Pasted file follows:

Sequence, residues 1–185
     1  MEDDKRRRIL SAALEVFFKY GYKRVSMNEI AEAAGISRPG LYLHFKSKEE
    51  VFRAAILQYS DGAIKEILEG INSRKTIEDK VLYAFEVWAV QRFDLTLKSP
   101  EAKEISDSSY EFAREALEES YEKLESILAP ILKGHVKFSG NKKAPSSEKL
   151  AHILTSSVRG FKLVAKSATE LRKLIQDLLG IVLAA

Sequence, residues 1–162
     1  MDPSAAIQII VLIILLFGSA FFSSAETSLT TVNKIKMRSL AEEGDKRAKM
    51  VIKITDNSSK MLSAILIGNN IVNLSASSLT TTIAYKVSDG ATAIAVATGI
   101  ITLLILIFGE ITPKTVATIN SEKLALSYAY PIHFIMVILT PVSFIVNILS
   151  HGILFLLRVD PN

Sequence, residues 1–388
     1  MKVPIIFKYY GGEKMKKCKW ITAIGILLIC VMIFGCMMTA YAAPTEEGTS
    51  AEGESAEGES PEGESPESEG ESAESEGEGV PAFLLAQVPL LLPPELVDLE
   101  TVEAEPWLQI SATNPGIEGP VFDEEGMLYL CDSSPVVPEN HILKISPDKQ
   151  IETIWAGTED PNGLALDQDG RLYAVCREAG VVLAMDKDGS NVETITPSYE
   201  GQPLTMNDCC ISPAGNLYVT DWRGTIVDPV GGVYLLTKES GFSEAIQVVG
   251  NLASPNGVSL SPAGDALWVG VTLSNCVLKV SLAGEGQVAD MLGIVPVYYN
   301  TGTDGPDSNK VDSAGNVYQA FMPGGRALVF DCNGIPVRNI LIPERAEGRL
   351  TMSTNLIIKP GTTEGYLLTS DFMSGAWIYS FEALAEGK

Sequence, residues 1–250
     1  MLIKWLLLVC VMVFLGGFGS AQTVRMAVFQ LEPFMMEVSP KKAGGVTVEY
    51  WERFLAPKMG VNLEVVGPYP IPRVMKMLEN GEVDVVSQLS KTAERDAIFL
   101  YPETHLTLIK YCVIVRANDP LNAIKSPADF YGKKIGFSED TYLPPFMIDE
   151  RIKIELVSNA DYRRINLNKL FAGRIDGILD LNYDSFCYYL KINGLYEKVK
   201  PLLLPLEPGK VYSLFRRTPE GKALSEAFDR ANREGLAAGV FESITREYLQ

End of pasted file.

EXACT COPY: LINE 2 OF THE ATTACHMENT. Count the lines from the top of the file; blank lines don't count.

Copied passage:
     1  MEDDKRRRIL SAALEVFFKY GYKRVSMNEI AEAAGISRPG LYLHFKSKEE